Meet Anjola Akerele, our Bill Pringle Poetry Award winner


  • “Through poetry, I have found a source of self-expression to let me recognise what I am really feeling."

As someone with autism and complex mental health difficulties, Anjola uses poetry as a form of expressing the way she feels and as an escape from the battles in her head. Being introduced to poetry and all its technicalities from a young age at school, Anjola found a real passion in it. At times, it can be hard for her to know what she’s feeling and has found that pouring her emotions out through words can be a real type of therapy.

Her poetry submission expressed the sense of exclusion she battled with every day at school. She felt that there was a lack of awareness at her schools of how to navigate neurodivergence, making it especially hard for children with autism and ADHD to feel included in the school environment and with schoolwork. Anjola has felt that poetry has been a natural source of expression for her, an easy flow once it gets going and a helpful source to release feelings of exclusion, pouring out both the good and the bad.  

Winning Poem:

Waking up already tired from my debilitating anxiety.
Melatonin after melatonin and still no satiety.
My thoughts keep me up, up they keep me.
Over thinking every little action i made and how that was perceived.
Jumping to conclusions or over-generalising or my binary perspective - it kills me.
And in the end, it’s the worst I believe.

Debating whether or not to go to school, a daily occurrence.
For starters, the people are a clear deterrence.
How will I function, when I’m already drained?
And the sounds of people talking will definitely be a pain.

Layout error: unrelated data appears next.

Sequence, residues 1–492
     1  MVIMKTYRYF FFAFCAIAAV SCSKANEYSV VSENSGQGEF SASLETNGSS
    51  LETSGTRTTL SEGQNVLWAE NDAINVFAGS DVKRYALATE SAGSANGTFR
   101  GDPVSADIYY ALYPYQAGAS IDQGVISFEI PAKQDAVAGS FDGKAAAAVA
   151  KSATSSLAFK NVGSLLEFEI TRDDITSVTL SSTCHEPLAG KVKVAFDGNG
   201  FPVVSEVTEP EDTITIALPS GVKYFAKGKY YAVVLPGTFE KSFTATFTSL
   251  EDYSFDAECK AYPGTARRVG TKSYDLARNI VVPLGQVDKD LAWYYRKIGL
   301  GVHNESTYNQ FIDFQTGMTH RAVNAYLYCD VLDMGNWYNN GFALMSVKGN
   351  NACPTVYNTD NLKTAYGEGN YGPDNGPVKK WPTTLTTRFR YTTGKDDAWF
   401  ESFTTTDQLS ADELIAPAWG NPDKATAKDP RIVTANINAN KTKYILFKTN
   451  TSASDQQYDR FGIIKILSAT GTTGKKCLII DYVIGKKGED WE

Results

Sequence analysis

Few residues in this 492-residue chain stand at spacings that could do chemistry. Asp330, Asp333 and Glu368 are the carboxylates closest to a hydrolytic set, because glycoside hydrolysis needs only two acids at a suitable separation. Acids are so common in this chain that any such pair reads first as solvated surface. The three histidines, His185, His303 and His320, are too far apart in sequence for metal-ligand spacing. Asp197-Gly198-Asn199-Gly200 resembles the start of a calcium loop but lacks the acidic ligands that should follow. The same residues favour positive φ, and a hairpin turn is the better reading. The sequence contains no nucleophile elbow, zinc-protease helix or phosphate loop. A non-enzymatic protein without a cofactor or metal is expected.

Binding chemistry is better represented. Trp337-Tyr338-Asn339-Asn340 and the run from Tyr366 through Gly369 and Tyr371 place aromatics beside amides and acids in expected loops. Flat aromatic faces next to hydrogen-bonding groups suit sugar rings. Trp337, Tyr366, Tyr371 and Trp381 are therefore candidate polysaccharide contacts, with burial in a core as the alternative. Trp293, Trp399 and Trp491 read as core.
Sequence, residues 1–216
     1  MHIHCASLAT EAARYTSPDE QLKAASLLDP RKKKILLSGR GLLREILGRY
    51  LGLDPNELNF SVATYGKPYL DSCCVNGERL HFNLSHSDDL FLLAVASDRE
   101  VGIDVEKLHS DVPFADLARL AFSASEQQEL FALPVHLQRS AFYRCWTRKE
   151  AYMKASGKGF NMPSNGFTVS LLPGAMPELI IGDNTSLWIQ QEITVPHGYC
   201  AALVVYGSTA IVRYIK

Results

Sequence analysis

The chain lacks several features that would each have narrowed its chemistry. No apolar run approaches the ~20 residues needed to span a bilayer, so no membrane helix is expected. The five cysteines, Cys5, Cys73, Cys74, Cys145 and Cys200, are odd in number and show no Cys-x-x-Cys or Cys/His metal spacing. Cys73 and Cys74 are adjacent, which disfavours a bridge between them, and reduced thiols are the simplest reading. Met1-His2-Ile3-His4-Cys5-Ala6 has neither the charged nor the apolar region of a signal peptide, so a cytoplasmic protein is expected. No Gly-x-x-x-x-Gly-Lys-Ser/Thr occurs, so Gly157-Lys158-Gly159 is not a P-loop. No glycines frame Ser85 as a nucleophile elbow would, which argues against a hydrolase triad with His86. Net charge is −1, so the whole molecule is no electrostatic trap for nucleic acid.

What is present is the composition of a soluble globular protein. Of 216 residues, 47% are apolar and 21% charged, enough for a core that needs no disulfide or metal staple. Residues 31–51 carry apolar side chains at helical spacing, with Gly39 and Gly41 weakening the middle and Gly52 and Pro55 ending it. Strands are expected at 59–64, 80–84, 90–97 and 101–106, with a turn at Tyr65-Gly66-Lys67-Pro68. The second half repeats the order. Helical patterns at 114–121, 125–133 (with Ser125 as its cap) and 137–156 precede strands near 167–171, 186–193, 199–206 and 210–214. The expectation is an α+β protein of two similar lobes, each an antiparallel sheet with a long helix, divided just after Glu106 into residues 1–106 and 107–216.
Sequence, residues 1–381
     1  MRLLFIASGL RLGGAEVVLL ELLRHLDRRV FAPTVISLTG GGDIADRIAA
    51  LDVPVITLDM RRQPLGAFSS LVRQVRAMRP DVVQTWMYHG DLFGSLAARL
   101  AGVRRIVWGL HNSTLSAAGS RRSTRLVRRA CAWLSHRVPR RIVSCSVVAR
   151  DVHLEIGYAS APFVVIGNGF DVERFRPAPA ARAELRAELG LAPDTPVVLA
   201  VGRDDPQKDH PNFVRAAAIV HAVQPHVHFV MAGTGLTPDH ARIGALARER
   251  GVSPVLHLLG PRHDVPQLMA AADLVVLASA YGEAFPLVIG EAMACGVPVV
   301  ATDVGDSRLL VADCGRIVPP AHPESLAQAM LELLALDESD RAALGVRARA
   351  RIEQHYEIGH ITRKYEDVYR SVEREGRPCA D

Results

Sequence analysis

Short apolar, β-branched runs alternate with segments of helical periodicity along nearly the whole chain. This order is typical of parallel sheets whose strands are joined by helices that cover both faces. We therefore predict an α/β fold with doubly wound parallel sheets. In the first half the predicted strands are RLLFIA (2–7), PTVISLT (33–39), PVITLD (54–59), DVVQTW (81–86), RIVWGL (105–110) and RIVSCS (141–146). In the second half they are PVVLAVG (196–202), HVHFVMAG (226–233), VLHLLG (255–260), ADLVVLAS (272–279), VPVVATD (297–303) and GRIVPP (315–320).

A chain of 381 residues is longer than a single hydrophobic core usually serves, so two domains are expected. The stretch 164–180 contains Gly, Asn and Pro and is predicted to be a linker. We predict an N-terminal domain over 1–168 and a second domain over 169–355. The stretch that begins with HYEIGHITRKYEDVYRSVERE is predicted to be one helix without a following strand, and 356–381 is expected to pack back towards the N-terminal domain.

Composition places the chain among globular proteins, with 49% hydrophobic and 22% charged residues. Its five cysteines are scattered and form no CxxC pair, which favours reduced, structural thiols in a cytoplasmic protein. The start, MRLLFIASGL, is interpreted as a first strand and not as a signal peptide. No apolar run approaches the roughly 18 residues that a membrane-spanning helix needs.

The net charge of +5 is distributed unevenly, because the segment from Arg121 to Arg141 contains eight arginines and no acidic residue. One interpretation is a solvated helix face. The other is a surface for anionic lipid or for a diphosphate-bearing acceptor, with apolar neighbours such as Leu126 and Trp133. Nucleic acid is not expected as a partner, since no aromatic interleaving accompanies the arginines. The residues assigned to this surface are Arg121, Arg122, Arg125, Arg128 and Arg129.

I think of art and how I will miss it if i stay,
And that fuels me, giving me strength for the day.

A red sign plastered on my face that everyone else can read but me.
Ignore her, make fun of her, exclude her, leave her be.
Whatever it says is unimportant cause I can make it out
From the way I’m treated, it seems they’d rather be without.
Nobody makes an effort, and I often wonder why?
But it’s not solely about why, instead it’s about what their actions imply.

The Laughing Stock.
It seems i’m the problem and I just want to fit in.
Know when to laugh at jokes, look at people in their eyes even to just begin.
I don’t get the jokes people laugh at and it feels like they’re laughing at me.
Like i’m the issue or just weird to some degree.
The teachers think they’re teaching, not a word resonates.
Which means I go to school for nothing, how i wish they would allocate
Some time for me, to make sure I understand,
I end up having to teach myself everything firsthand.

The r-slur gets thrown about, more-so when i’m in the room.
It feels like all eyes are on me, and they consume
Every last bit of my confidence, i’m left with none.
And then going to school feels like a waste, I just feel done.
At times like this i want to disappear, or non euphemistically speaking: die.
To run away and never come back, without saying goodbye.

I wish school didn’t feel like such a chore.
A place I don’t feel like I belong, even before
I knew I was autistic, which definitely explained a lot.
But I was 16, and then it was too late,
The hospital became my second home and the consequences of being undiagnosed I had to face,
Which compounded my issues, at least now I know why,
I spent my days crying in the bathroom stalls, running away from it all.
In fact, I still do, from what I recall.

  • "This poem is about my experience of autism, specifically in a school setting that isn’t inclusive of my needs, hence relating to the subject of inclusion as I often feel excluded and talk about how I long for inclusivity."